Today is August 1st. I promised to submit my application to the BCG on August 1st. Well, I completed the application last Friday and put it in the mail. Hopefully, it arrived in Washington, D.C., about today. I can’t take it back at this point so I should consider myself officially on the clock. I feel a mixture of emotions from excitement to panic. I wonder if I can possibly pull this off in the next year. We shall see!

After taking the plunge and finally submitting the application, I worked on some other aspects of my plan. I don’t really have a plan, per se, past knowing that I have a year to submit my portfolio. I know some people who schedule what element they will work on each month. I do want to do a major portion of work on my KDP first so that I can put it aside and come back to it later. I feel such a large piece of writing needs to sit so I can go back and make improvements with a clearer vision. I can only do that if I walk away at some point. Right now I’m try to figure out how to continue researching but transition from research to writing. One strategy I am trying is—to just sit with a pad of paper and pencil and write with a purpose. For example, chose one section of the KDP to write about. No fact-checking or writing footnotes. Just write. I can go back later and correct the specifics and add the footnotes.

I received a great recommendation for a book this week—On Writing Well by William Zinsser. The 30th anniversary edition includes a chapter on writing family history (which I haven’t read yet). I believe the book is helping my brain make this transition from researching to putting pen to paper (or fingers to the keyboard). Writing is such an important part of the portfolio (or the job of being a genealogist). Learning to write well should be an integral part of any genealogist’s education plan. I have read my share of absolutely boring family histories. I do not want to be one of those family history writers who strings a bunch of facts with footnotes together to make a narrative. I want to breathe life into my ancestors! Finding a balance between sound technical genealogical writing and entertaining family narrative is my goal. A couple take-a-ways from the book so far:

  • Use action verbs and consistent verb tenses – These are both lessons I learned during my time at BU and ProGen, and I cannot stress them enough. I hear them repeated at genealogy seminars and conventions continually. It’s great to read a non-genealogy related person give the same advice.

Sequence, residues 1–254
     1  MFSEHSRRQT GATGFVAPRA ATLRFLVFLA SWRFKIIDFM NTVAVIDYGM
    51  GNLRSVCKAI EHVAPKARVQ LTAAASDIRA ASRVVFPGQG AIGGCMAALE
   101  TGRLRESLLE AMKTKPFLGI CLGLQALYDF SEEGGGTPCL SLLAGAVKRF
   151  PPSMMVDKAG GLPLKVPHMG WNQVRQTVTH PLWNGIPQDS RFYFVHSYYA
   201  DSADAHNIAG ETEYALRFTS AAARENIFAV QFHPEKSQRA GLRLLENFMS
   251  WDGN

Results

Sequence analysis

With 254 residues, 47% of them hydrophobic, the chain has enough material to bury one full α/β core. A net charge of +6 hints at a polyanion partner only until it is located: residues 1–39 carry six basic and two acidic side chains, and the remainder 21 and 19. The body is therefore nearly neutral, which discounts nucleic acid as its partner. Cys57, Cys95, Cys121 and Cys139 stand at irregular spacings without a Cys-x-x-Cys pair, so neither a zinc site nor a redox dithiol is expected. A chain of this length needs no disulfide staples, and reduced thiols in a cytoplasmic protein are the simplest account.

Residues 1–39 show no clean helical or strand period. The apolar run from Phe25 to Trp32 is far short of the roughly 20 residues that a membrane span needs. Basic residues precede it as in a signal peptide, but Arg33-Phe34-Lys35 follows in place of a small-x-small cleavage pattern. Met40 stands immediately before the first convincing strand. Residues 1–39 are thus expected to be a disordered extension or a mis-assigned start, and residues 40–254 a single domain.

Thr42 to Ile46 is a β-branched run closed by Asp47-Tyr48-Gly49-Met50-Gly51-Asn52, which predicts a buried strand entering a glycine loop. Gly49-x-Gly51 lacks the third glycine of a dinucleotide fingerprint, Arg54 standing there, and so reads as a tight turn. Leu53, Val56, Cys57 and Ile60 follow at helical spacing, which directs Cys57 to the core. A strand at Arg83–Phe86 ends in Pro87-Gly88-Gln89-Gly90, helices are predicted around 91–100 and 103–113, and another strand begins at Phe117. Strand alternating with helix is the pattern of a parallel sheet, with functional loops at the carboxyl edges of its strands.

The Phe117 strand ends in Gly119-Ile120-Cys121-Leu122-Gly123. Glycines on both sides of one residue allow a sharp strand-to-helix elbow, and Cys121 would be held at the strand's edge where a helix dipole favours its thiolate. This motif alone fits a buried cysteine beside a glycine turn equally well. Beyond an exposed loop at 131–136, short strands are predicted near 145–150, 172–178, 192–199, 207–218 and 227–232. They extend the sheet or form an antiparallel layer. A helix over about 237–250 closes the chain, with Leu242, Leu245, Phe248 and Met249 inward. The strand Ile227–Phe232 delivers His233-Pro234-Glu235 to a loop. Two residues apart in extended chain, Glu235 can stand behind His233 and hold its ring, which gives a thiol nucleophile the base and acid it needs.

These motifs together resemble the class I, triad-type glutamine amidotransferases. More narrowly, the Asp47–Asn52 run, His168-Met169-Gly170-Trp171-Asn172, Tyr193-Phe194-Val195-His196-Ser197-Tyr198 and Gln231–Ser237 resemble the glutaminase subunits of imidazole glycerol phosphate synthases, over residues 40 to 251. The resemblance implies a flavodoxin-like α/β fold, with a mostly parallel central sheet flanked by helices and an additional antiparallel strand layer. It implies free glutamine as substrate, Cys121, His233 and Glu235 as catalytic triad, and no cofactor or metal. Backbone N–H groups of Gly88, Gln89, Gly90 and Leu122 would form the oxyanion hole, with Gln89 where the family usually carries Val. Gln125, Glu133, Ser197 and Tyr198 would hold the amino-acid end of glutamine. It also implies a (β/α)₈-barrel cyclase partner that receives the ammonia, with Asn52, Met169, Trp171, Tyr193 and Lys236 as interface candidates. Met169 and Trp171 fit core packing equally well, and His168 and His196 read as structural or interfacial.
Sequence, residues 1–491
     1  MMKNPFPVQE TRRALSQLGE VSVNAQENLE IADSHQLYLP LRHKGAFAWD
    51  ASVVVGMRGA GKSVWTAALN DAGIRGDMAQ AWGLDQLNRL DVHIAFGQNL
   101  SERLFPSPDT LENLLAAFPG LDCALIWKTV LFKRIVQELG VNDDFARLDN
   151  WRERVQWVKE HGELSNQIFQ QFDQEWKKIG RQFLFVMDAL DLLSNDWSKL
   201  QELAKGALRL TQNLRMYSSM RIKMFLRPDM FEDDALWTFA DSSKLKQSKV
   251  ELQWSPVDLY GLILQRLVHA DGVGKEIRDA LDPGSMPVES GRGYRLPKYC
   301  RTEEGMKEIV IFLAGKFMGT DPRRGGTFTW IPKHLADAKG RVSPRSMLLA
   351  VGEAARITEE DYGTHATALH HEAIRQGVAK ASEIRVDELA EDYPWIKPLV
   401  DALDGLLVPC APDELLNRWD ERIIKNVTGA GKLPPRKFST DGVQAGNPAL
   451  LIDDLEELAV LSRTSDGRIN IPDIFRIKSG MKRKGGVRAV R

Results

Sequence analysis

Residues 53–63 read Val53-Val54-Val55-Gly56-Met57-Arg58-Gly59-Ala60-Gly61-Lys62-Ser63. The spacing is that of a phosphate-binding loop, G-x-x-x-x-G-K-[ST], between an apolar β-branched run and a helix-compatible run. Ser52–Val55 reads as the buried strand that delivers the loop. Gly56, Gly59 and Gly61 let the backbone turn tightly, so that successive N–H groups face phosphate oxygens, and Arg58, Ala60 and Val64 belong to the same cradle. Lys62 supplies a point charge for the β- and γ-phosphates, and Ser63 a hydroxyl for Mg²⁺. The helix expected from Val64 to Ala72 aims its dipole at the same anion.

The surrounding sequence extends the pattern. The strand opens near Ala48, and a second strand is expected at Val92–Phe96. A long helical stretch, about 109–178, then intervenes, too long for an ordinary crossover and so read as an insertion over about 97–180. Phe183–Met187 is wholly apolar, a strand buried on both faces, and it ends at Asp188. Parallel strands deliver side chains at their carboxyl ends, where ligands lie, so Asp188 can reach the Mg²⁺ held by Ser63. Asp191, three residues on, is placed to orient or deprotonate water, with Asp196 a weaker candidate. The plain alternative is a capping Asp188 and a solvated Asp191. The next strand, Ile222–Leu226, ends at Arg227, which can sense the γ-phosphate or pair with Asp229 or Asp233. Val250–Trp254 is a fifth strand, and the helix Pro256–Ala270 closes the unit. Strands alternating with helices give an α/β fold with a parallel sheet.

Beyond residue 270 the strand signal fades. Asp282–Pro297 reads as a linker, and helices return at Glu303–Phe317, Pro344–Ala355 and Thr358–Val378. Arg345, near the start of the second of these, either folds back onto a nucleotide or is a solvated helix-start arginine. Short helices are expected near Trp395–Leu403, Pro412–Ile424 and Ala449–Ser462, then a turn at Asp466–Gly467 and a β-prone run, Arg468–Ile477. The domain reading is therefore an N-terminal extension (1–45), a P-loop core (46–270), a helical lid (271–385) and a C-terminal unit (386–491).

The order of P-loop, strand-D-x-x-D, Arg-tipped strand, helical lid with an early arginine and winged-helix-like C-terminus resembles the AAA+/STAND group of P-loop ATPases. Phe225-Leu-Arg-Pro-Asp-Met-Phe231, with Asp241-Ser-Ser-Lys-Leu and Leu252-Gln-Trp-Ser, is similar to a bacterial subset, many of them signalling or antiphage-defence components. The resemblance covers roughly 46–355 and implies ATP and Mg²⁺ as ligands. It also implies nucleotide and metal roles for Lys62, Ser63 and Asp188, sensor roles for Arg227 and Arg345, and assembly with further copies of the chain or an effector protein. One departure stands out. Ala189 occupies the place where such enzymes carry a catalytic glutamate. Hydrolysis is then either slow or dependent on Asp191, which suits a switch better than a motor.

• Writing is hard work. It requires practice just like any other craft. Find a writer whose style you admire. Read the journals—NEHGS, NGS, TAG, etc.—to find a fellow genealogist whose style you like.
  • Use a dictionary and thesaurus – I have a beat-up copy of Roget’s Thesaurus that I have used since my college days. I still use it!
  • De-clutter your words – If you can get the point across with fewer words, do it!

In the last week, besides my trip to the Family History Library to copy microfilm, I spent part of my weekend downloading journal articles (and not genealogy ones!) In order to add historical context and knowledge to my narrative, I must learn about the social, historical, and economic factors that may have influenced my ancestors lives. Sites like JSTOR and Internet Archive provide access to historical texts. I downloaded articles on the early history of my county as well as contemporary books that were written for people interested in migrating to the region where my ancestors lived. With these, for example, I gained insight on diseases that may have affected my ancestors or construction projects (railroads, canals) that impacted their lives.

Genealogical Standard 57: Background information“Assembled research results provide sufficient background information for readers to understand…what [an item] means in context of…place and time…[which] may include concepts from economics, ethnic studies, genetics, geography, government, history, law, religion, sociology, and other fields.”


I finished my sweater this weekend. Now, I’m working on completing another “almost-done” project—a sweater I started for my son last fall. He has grown a couple inches since then so hopefully he will get some use out of it!

My teacher hat goes back on this week. School starts next week so I must parcel out my time and prioritize my various projects more efficiently. Until next time!

©2017 copyright owned Deborah Sweeney
Post originally found: https://genealogylady.net/2017/08/01/my-path-to-certification-issue-no-4/